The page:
Welcome to our blog - wee articles on beautiful and interesting places in Yorkshire, as well as the wood carvings, artwork and sculpture of Yorkshire artist bod, whose inspiration comes from a deep love for the history, myth and nature of these beautiful islands. Browse and buy his work on our main website: www.justbod.co.uk
Enigmatic carved words, pilgrims, sanctuary, and a dour message...St Mary's Church, Fridaythorpe
We visited this beautiful and interesting small church at the start of what was meant to be a long day's walk on the Wolds. We were already full of misgivings about our timing, the day was brooding dark, the skies grey and full of rain....
Just as we walked through the lychgate, the heavens opened and we immediately ran into the church for shelter. This turned into a really interesting and memorable experience, as the church seemed to immediately wrap us up with a sense of comfort, safety and sanctuary, as we were surrounded by the drumming of the unrelenting rain hammering on the roof.
Markings of crosses and various other bits of graffiti are spread on bits of stonework, and the church leaflet explains that these were made by pilgrims marking their progress en route from York to the shrine of St John at Bridlington Priory (the village of Fridaythorpe is the midpoint of the ancient road 'twixt the two.) We couldn't help but feel connected to these pilgrims and the many generations of people who may have sought sanctuary within the very same walls.
The tower of St Mary's is 12th century and the stone and carvings inside point towards both the Anglo-Saxon and Norman periods so, although there is some folk knowledge dating the church back to 713AD, the only certainty is that there has probably been a church on the site for at least 1000 years.
Fridaythorpe is mentioned in the Doomsday Book as Fritagstorp - probably meaning 'the outlying farmstead of Frigedaeg,' and is the highest village on the Wolds.
St Mary's is a listed building and one of the 'Sykes Churches' - churches built, rebuilt or renovated by the Sykes family of Sledmere House in East Yorkshire.
One of the best known features is the bold and unusual clock on the West end of the church: said to be influenced by an 18th century French Chateau, it was designed by architect FC Eden and paid for by the vicar, Charles Sellers. Dated 1903, it has the rather dour message: "Time is short, eternity is long."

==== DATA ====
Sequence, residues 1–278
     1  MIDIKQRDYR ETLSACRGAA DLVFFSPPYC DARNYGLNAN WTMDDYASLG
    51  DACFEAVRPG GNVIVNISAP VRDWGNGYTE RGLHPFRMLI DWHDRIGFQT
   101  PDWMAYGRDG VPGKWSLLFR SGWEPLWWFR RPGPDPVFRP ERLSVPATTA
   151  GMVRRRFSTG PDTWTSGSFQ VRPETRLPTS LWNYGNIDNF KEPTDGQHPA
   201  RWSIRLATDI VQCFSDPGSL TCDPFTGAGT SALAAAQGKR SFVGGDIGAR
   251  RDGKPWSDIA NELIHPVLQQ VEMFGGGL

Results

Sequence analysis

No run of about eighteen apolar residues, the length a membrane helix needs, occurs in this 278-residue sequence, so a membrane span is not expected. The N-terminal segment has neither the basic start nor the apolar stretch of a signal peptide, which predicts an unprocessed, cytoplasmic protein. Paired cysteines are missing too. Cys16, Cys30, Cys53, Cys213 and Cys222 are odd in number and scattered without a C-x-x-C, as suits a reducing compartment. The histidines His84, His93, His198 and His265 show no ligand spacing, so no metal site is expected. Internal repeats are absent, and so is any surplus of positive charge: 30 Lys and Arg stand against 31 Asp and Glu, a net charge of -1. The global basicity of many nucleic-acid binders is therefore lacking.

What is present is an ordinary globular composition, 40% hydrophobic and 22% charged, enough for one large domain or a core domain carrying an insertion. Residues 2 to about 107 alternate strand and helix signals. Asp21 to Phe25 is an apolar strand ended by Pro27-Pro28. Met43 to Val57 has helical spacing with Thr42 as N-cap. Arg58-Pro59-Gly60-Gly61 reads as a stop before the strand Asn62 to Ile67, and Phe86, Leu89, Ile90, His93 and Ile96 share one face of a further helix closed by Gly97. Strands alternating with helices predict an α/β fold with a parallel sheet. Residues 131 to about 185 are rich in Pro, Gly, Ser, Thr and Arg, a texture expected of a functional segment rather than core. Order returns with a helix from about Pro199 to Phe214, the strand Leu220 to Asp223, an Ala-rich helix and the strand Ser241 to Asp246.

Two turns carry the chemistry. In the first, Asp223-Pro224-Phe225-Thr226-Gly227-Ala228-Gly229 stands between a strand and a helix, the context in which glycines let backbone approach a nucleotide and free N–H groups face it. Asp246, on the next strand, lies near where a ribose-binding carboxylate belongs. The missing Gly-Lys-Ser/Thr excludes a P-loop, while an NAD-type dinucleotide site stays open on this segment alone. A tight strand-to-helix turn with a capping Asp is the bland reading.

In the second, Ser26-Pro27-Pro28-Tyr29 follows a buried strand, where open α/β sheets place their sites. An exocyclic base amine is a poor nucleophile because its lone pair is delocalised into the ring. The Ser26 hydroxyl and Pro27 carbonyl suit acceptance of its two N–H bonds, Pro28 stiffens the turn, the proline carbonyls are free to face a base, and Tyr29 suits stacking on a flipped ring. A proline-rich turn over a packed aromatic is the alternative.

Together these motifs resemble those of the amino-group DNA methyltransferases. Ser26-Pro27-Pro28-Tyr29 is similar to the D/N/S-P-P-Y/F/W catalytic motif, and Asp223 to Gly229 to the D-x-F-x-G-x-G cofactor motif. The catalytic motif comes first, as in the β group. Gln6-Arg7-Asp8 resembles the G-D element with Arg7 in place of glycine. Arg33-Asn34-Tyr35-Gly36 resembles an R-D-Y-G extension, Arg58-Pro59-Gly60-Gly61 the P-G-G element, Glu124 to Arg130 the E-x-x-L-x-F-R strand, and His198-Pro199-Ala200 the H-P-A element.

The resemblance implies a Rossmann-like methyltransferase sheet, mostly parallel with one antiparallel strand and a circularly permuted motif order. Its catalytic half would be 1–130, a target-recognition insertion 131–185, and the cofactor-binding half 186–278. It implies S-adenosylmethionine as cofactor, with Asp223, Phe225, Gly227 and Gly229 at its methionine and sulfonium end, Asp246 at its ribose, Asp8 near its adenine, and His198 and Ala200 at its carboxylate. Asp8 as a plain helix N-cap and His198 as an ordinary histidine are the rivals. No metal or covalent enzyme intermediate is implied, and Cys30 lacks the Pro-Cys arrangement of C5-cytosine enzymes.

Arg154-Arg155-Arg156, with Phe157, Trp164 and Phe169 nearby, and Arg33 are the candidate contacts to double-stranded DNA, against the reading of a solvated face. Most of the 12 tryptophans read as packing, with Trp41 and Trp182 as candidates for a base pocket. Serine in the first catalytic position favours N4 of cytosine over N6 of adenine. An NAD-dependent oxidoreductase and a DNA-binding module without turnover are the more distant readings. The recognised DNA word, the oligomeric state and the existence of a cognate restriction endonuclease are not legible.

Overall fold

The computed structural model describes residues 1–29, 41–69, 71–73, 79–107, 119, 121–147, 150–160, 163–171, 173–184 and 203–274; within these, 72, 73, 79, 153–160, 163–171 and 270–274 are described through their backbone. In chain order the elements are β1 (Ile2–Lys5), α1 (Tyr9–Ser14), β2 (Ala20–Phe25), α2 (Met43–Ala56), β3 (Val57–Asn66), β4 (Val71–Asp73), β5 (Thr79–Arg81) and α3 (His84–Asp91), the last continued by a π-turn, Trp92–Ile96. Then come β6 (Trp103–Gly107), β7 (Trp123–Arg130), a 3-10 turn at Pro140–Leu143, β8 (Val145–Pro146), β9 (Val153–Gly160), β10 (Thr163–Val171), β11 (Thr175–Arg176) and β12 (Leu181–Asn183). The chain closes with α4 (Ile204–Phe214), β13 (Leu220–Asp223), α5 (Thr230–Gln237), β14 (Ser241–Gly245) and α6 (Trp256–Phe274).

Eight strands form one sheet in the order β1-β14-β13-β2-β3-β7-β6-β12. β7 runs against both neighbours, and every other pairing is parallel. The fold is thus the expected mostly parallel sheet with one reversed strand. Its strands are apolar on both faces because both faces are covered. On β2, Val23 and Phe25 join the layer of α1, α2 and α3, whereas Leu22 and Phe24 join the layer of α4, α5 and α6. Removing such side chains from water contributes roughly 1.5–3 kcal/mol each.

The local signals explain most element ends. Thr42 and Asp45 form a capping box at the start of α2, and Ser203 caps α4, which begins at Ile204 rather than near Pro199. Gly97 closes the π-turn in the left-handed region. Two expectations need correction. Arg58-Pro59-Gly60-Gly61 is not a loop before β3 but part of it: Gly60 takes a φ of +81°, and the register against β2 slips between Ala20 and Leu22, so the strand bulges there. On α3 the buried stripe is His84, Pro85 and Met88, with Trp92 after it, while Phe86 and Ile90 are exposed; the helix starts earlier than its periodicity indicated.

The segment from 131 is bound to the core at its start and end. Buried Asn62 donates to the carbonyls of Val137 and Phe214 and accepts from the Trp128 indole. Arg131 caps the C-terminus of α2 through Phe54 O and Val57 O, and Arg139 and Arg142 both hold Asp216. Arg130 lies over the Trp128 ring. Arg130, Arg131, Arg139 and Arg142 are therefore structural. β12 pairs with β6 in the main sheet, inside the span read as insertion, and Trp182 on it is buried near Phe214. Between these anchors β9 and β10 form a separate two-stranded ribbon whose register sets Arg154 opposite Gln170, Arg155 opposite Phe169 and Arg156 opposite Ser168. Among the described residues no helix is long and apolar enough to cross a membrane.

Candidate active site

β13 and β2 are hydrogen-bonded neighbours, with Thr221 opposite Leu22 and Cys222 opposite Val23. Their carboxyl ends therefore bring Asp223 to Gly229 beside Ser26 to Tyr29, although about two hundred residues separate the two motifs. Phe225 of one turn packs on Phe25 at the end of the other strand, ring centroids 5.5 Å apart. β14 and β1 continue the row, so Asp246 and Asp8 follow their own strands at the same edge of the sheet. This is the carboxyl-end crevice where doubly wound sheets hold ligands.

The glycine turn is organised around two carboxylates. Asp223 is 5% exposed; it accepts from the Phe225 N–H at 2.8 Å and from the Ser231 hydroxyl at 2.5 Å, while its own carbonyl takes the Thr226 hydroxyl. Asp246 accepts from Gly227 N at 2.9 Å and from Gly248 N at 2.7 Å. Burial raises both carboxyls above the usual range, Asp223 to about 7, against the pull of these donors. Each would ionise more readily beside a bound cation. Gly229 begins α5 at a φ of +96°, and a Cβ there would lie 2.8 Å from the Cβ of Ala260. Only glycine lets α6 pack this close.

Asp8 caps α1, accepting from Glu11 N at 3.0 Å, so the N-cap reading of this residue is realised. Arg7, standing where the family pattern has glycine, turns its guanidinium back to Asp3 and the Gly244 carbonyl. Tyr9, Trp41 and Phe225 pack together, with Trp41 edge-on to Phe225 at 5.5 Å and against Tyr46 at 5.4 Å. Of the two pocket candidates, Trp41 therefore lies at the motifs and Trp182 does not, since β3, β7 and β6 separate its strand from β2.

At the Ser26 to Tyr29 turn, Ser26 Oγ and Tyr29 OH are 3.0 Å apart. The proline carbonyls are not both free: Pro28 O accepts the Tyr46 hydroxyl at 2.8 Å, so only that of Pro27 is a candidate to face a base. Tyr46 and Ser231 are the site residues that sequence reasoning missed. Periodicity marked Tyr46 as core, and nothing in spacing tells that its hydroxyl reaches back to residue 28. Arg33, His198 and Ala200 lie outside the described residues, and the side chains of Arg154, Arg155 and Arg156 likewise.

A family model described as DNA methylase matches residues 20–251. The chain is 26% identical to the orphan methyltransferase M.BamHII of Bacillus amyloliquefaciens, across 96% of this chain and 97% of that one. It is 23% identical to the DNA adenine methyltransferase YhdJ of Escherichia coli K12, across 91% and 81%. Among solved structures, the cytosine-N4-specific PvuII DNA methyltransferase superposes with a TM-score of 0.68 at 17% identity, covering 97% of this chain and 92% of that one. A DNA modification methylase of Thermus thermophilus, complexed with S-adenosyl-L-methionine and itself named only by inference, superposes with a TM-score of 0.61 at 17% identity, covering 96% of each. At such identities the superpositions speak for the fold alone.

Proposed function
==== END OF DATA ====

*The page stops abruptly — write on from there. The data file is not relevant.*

A stone that forms part of the pillar on the north east side of the chapel, has the enigmatic words "this 713 found hear," carved into it. Almost worthy of a clue in a Dan Brown novel, the meaning has been lost, but some believe that this is the original foundation stone, reused in the pillar.
A beautifully carved 19th century Altar and Reredos from Sledmere Church, visible inner workings of the clock, beautiful stained glass, a fragment of the old wall paintings depicting part of the Ten Commandments, and one of the old bells, are some of the other items of interest.
There are many more interesting features within this small church, well covered by the available and informative leaflet, but, for me, it was the feeling tone of the church in the middle of truly awful weather, and that sense of connection with those who have gone before, that will be my abiding memory of this warmly beautiful little church.
St Mary's Parish Church is well worth a visit. Please consider leaving a donation to help with the upkeep and maintenance.
We ultimately decided to postpone the rest of the trip for another day...so...as they say...that is another story....